But now the long term payback for that war, and Afghanistan, is coming due.  In recent days Defense Department studies reveal the number of suicides, drug abuse cases, and psychological disorders among the troops.  Much of this is the result of extended deployments and repeated re-deployments, as well as the destructive mental impact of close-order counterinsurgency warfare.  Dead bodies and wounded everywhere, everyday.  This human toll is exacerbated by the lowering of recruitment standards to include those previously categorized as “morally unqualified”, people whose backgrounds would not otherwise permit them to serve.  A separate consideration is the impact on career military personnel of being required to serve with those with criminal records.

Why cannot political leaders level with the American people on the costs of warfare?  It is obvious if they did so, the appetite for voluntary invasions especially would be greatly diminished.  Unfortunately our society’s collective memory will have erased the human costs of Iraq and Afghanistan by the time some future president starts beating the drums and unleashing the dogs of war.  Reawakening memory requires statesmanship and a knowledge of history.  And we have very few leaders who qualify.

Perhaps we should create a public office and call it the Prophet Jeremiah.  Everytime the war drums were heard, the Prophet Jeremiah would remind us of the human costs we were assuming and the unhappiness of empires throughout history.

Security Through Anticipation

Author: Gary Hart

As the world changes dramatically, so does the nature of conflict and methods for achieving security.  Even as nations increasingly find the costs of war unacceptable, stateless nations, such as al Qaeda, have found unconventional conflict attractive and insurgencies in Iraq and Afghanistan have shown the limitations of our Cold War large-scale force structures and weapons systems.

Chechyan separatists, Somali pirates, Mexican drug cartels, Pakistani Taliban, Turkish Kurds, Tibetan nationalists, and many others join al Qaeda (though not always as viciously) in representing the conflict of the new 21st century.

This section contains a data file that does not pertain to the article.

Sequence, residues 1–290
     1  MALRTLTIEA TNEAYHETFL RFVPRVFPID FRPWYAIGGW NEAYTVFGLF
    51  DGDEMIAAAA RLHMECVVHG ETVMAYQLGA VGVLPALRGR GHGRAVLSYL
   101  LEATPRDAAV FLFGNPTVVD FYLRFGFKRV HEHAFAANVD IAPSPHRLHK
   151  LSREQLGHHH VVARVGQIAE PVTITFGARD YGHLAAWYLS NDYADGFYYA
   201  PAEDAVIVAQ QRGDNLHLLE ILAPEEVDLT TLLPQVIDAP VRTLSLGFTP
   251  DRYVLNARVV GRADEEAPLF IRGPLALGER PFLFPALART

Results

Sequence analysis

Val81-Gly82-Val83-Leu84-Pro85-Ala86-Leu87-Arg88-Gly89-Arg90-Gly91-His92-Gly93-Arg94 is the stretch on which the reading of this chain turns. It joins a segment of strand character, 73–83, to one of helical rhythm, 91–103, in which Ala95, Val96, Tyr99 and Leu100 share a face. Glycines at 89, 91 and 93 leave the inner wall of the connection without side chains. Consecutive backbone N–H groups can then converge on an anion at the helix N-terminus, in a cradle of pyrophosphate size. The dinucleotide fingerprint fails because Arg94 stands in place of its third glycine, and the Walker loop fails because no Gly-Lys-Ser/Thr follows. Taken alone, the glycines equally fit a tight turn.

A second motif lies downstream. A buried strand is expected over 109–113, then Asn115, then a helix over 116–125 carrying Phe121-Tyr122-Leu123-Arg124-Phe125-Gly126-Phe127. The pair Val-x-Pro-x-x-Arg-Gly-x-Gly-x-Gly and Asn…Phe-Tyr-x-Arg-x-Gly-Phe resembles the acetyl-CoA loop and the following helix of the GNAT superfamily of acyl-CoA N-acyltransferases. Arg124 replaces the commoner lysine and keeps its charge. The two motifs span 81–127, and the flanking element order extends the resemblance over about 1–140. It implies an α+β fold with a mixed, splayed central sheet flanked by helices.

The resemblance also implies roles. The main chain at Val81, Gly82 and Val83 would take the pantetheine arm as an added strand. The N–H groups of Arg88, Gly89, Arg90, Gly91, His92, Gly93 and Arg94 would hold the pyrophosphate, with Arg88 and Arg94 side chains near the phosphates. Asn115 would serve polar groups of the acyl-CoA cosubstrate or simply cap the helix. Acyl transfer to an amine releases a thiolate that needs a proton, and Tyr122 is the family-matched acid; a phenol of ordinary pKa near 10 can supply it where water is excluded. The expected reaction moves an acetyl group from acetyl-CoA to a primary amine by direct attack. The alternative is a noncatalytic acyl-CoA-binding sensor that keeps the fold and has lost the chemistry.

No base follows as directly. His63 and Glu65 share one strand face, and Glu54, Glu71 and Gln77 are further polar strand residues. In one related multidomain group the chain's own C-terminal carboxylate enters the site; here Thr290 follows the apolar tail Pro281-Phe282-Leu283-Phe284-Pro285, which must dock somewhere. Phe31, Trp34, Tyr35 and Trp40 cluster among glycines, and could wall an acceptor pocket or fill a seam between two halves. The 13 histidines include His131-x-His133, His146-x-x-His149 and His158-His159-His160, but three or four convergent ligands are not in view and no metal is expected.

But they all have one thing in common: they are not afraid of nuclear aircraft carrier task groups, B-2 bomber wings, or big infantry divisions.  Despite our massive military superiority (at least in traditional terms), this fact–plus the rejection of stupendous reward offers–illustrates why Osama bin Laden is still alive almost a full decade after 9.11.

From these circumstances, certain conclusions may be drawn: the prospects of major nation-state wars is sharply declining; the prospects for unconventional conflicts are increasing; we are much better prepared for the former than we are the latter; invasion of other countries almost inevitably guarantees commitment to costly, long-term counterinsurgency warfare; and long-term reconfiguration of our force structures (and their strategies, tactics, and doctrines) is imperative.

And a lot more thought must be given to our real mission in countries such as Afghanistan and countries such as Iraq before unleashing the dogs of war.  That kind of great power intelligence, as well as a dramatic increase in our ability to anticipate threats and reduce them through a better understanding of history, culture, and local politics, will do more to make us secure than a new generation of massive Cold War weapons.

Welcome to the bright new century.

Fortune Favors the Brave

Author: Gary Hart

Many Americans are out of work. Many too many. Who’s fault is that? If you believe in so-called market economics, that’s just too damn bad. It’s the way things work. We shouldn’t mention that “things” in this case are decisions made by human beings, normally those with the money or who control the money, and those decisions are too often stupid. And by the way, others of this persuasion say or think, you can always find a job and if you don’t you are lazy.

Others, take Niccolo Machiavelli for example, thought Fortune to be a woman and a not very kind woman at that. Fortune favored some and disfavored others. Little you could do about it either way. We call it luck. Some are lucky. Some are not.

There is a third point of view. It says most people want to work. They are eager, if not desperate, to have a source of income, to feed and care for their families, to make their own way. Many of us in this group have known hard times. Either we ourselves or our parents or family have lost jobs, lost self-sufficiency, lost self-respect. It might help in political discussion if more people (everyone younger than me, and that is most people) had some memory of the Depression. Such memory would at least have the affect of shutting up those who casually say that the unemployed and poor are so by choice.

Beyond economic theory, however, is the deeper question: are we 300 million people who just happen to live in the same nation and are all on our own, or are we a national community, a place where we share common concerns, values, principles, and beliefs? The answer to this question will dictate your economics and your politics. It would be wonderful to believe that private charity alone, “a thousand points of light,” will take care of millions of desperate fellow Americans. But it can’t and it won’t.